Friday 18 June 2010 - Filed under Plants
There are many big dramatic plants I love and work hard for, because it’s worth it to ruin your back to dig a bog for a huge gunnera, or to feed and water the bananas and papyrus for a lush tropical summer garden. However, they can’t all be high maintenance, or I wouldn’t stand a chance getting on top of the garden chores. Today, an ode to the some high drama plants that ask for very little love in return.
I don’t really mind our record rain this spring. When it comes to leaves, I have a bigger is better attitude when it comes to my garden, and the rain seems to be helping in that department. Plume poppy leaves are usually big, but I measured the largest here at 18″ across, that’s a record in my garden.
Sadly I had to take my record breaking plume poppy out, since it was overshadowing my biggest banana, which I also hope to grow to new heights this year. There’s not enough sun to share in my garden, so that plume poppy had to go. Not to worry, there are plenty more. I have mentioned before, they reseed enthusiastically. I’d almost call them weedy, but it hardly seems like weeding when you don’t even have to bend over to gently pluck the tall stems out from wherever they’re unwelcome. I wish I could say the same for the obnoxious blackberries behind the banana. I’ll have to plan a day around excavating those.
Removing such a big plume poppy was a good opportunity to get a good look at the leaves. The top is a glaucous green, while the undersides are a soft, nearly furry silver. When the wind blows, you get flashes of the silver dancing in the garden. I don’t think movement gets enough attention as a design element in the garden, but plants that sway in the breeze make me swoon.
Years of battling blackberries hasn’t yet deterred me from growing their relative and enthusiastic garden runner, Rubus lineatus, for the gorgeous pleated leaves. The texture is what gets me with this plant, but this is the first year where they’ve crept into big-leaf category. I didn’t notice the leaf spots until I got a good look at the picture indoors. I hope that’s not some terrible disease that’s going to cost me the plant.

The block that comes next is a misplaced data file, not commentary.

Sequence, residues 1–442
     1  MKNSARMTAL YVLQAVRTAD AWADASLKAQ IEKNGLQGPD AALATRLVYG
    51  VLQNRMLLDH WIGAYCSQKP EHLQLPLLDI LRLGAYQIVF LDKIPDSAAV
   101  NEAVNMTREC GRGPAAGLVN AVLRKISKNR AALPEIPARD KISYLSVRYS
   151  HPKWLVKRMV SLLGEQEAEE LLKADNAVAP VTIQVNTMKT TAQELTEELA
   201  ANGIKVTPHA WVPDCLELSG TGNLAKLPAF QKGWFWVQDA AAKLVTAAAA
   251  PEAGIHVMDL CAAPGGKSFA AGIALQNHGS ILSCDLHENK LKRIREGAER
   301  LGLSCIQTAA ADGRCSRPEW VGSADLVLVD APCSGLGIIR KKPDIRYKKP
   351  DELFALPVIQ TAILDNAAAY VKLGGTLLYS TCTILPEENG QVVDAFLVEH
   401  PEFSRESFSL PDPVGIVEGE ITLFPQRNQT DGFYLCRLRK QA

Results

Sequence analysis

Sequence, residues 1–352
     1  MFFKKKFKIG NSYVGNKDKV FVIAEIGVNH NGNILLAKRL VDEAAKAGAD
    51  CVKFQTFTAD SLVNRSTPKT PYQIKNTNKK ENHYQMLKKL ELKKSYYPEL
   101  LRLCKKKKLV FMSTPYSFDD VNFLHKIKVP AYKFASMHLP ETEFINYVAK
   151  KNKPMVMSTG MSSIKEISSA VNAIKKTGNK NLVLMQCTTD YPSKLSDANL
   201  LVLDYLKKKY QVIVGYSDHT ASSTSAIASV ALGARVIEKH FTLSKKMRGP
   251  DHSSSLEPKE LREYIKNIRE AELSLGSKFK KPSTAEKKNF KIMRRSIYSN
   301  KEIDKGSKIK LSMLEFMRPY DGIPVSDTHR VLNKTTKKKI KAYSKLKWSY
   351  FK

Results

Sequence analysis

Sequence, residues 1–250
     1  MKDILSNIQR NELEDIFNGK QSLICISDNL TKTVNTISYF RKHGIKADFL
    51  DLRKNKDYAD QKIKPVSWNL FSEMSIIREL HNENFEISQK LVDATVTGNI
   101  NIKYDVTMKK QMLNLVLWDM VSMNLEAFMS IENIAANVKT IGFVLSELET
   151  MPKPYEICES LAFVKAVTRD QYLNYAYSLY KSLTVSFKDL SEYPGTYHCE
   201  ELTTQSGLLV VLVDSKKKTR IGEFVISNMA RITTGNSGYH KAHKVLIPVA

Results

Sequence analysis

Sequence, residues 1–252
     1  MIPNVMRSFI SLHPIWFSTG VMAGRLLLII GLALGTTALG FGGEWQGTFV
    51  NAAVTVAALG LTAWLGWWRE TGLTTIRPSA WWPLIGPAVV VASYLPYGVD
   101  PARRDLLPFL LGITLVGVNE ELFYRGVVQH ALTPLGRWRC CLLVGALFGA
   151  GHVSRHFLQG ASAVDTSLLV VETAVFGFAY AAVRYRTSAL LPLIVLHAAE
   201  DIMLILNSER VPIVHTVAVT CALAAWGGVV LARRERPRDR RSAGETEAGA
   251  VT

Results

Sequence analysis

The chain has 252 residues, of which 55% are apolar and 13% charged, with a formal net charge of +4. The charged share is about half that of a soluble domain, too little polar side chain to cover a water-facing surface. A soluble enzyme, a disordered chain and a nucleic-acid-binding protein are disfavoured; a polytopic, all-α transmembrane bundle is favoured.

Some of my plants just aren’t photogenic but simply stunning in person. I have to give Aruncus dioicus credit, not only for being gorgeous, but for being the lowest maintenance plant I own. It’s located back in my not-quite-under control area of the garden, where weeds are always trying to encroach, and my hose doesn’t reach for frequent watering. That’s a plant thriving in dry shade in poor weed infested soil. Very handy for a tough spot, if you have one. You can’t really tell from the picture how HUGE it is, but keep in mind, for scale, the fence behind it is 6 feet tall, which makes it about 8 feet tall and wide. When it’s in full bloom like this, it almost reminds me of a pampas grass, without any of the downside.
My big Aruncus seems to appreciate the neglect. I have another plant in a better cared for section of the garden, that is nowhere near as vigorous. There are a bunch of smaller named varieties, but mine both came tagged the same.
The flowers on the smaller plant have a finer quality, although they’re still in the process of opening up, they’ll get a little fuzzier as time goes on. I have a terrible time keeping Asilbes happy, but Aruncus look like an Astilbe on steroids, and they’re not such drama queens about getting tons of water.
On the other end of the spectrum, the dwarf Aruncus aethusifolius tops out at about 10″ tall, but spreads nicely. These buggers have especially good looking leaves, and look fantastic from the time they leaf out, Mid March for me, to the end of fall when they get some good reddish tones. The interesting skeletons of the flowers stick around until I cut them off in spring.
The flowers are similar to the big plants, white gooseneck sprays. I bought five plants in four inch pots several years back. I have them planted in part sun in a spot I never remember to water where they have slowly, pleasantly spread into tidy clumps that look pretty fantastic politely peeking over the edge of the walk.
2010-06-18 » megan